"I saw him and it was another emotionally fuck-upping experience". Beau Rice is barely 15 minutes into what would be an hour-long video interview and he's already expressed two things: his fluid approach to the English language and his soul, "he's still with the boyfriend that he finds in the book". Perhaps 'soul' is too strong a word, but as the 25-year-old writer sits across from his webcam in the LA warehouse he calls home, there's little Rice has to hide when it comes to his private life. The first time author has transcribed 18-months of intimate text messages, printed them in a book titled TEX and published them via California's Penny-Ante Editions for all to read, and it is candid. Sometimes painfully so.
The book centres on Beau Rice's relationship with 'Matt G', the not-entirely-requiting object of his affection living in Austin, Texas, and the co-author of the conversational thread on which TEX is formed. It's a dialogue between the self-described "deeply literary" writer ("I hope that doesn't sound pompous") and a therapist-in-training that Rice had really only ever seen a handful of times. It's a relationship built almost entirely through telecommunications, soaked in the selfies, Emoji subtext and unpunctuated web speak familiar to any 80s-to-90s 'net-baby, and it teeters between emotional over-shares and what Rice calls "low-grade psychoanalysis". "I think that I learned different descriptions of myself in this conversation, and that Matt did too," he says about a dialogue that was less remedy and more research into the realms of psychoemotion, "It's not like we're really cured of anything but I think that there is some sort of psychoanalysis going on. Even if it was like rogue or a sham."
Legitimacy, though, is something that Rice, and Matt, and TEX, and all the other aliased conversations, poems, and Gmail subject heading threads that scatter the book challenge on every level. Here is a story that starts with an offline meeting of two people at a festival in Austin that its reader never sees. All they have is the fragments of texts and Gchats shared between the two confidantes, interjected by emails with friends, lovers and kinky bootycalls. At some point, Rice and 'Matt G' agree to make it into a book: "I scrolled to the top of this conversation, I was reading it and I was laughing a lot, so I decided to try transcribing it," he says about the genesis of what would become not only a portrait of a modern relationship, but a fairly accurate depiction of the intermingling art and pop cultural landscape of 2014 - with its references to Lena Dunham, Ryan Trecartin, Scissor Sisters, normcore. It's also an insight into the process of writing a novel that isn't entirely a novel, through the organic development of a bond that isn't entirely organic.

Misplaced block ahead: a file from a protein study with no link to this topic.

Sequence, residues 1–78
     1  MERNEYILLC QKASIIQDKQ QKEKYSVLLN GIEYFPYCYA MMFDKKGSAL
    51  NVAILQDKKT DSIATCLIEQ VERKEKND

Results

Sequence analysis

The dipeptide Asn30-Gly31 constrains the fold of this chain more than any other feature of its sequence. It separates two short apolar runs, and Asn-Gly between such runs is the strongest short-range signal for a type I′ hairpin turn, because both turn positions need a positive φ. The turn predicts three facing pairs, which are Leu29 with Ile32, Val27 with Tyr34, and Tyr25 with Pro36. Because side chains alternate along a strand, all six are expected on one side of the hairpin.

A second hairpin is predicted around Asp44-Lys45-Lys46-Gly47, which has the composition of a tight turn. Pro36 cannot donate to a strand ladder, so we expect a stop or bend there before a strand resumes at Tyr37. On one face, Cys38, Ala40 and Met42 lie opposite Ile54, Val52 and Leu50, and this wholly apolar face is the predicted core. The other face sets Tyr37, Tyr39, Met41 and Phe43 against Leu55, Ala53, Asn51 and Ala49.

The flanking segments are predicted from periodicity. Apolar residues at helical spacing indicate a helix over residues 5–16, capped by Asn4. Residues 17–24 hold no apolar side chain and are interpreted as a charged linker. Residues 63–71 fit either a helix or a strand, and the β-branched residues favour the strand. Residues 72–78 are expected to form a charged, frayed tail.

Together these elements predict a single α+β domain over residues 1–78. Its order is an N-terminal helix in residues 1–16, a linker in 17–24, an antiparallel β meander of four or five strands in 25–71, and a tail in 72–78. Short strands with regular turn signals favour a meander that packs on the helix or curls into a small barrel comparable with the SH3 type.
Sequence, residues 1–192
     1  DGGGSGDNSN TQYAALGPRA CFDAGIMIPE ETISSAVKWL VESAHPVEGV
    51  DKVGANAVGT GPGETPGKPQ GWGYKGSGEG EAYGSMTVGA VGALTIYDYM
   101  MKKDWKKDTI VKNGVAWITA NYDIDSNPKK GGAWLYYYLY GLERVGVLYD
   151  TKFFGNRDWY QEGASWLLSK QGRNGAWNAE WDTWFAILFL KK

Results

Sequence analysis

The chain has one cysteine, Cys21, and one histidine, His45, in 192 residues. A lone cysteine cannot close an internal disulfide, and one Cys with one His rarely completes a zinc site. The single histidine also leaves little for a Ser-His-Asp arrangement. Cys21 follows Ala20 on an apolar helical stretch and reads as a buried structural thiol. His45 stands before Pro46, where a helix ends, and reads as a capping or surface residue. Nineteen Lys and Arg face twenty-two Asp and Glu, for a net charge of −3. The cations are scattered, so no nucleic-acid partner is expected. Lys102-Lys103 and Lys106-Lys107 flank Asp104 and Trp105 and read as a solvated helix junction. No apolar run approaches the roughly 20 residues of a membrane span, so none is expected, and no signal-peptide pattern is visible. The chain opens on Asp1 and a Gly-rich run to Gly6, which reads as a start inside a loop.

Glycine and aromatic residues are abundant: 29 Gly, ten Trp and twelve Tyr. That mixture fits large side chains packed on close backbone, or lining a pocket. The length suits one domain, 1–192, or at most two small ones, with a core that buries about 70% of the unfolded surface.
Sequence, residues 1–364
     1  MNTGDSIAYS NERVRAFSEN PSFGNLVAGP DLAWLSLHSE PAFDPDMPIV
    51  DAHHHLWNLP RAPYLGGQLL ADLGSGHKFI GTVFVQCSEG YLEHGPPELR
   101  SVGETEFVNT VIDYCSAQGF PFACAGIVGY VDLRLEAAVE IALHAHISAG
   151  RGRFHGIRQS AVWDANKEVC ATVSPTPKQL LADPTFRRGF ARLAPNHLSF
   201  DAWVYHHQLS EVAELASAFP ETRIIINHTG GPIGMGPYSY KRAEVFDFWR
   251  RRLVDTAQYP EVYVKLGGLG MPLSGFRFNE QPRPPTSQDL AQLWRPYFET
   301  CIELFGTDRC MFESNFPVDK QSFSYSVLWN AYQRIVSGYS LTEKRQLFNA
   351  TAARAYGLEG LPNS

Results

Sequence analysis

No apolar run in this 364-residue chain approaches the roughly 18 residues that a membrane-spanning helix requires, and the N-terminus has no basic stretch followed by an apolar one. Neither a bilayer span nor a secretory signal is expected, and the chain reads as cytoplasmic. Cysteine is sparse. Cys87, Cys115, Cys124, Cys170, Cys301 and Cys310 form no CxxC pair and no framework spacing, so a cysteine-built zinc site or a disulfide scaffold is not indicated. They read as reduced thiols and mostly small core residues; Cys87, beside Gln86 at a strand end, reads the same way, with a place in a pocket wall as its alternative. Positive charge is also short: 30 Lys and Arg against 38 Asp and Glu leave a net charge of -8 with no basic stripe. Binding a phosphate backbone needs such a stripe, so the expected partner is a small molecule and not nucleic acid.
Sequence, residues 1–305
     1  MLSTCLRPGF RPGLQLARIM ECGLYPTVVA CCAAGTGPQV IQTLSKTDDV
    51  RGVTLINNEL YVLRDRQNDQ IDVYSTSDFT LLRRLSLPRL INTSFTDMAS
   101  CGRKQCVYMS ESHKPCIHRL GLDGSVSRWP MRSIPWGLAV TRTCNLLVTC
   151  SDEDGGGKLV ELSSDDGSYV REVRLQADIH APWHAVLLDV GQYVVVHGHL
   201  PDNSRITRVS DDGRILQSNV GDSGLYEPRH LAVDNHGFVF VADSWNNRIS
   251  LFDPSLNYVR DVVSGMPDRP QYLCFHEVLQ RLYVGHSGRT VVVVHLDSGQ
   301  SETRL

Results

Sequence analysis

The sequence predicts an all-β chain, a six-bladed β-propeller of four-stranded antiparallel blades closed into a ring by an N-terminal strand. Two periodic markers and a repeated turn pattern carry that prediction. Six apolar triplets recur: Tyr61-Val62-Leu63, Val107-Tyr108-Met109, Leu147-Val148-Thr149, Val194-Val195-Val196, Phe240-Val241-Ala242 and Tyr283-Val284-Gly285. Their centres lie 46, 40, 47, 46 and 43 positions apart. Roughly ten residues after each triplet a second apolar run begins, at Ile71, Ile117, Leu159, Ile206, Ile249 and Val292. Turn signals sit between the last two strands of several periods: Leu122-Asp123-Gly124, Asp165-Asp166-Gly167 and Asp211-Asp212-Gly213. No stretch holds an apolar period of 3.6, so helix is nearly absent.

"At that point, we had already done a sort of, like, preordained chat, that wasn't necessarily for art but there was something," says Rice about the point at which TEX turned from an innocent private conversation between two people to a soon-to-be-public artwork being partly mediated by a Penny-Ante editor. "The first time we have a 'chat' in the book, it sort of sets the context of our relationship and explains the kind of sex that we had. Then I did all this really menial work of transcribing the text messages and realised that I had something that could become a strange and interesting sort fo queer non-fiction novel."
The notion of 'queerness' here is an interesting and important one. Like a lot of people of the current generation of young adults that identify as such, Rice's sexuality was largely formed on the internet. It makes sense then, that an expression of that experience would not only acknowledge but embody that very networked syntax in the "[corn] dildo in the corner" Emoji innuendo of 'Matt G's texts and Rice's countless references to, and interactions with online sex apps and porn sites like Grindr, nifty.org and kink.com: "I think that out of these websites, that are so lurid and so hard to take seriously, new erotic languages are being born".
One of those new languages forms TEX. It's one that is not only unique to a rich, queer-cultural history teeming with sexual allusions to "bears", "bottoms" and "industry executive gays" but is also distinguishes itself as a literary form born from the communicative tools made all the more possible and prevalent with the rise of networked connectivity: "The first time I learned to recognise my desires was on the internet," Rice says about the source of this new vernacular that he thinks presents a serious threat to mainstream, heteronormative ideas of love and relationships. "There's this definition of perversity that is knowing too specifically what you want, and I think the internet is making perverts of everyone".
Text Steph Kretowicz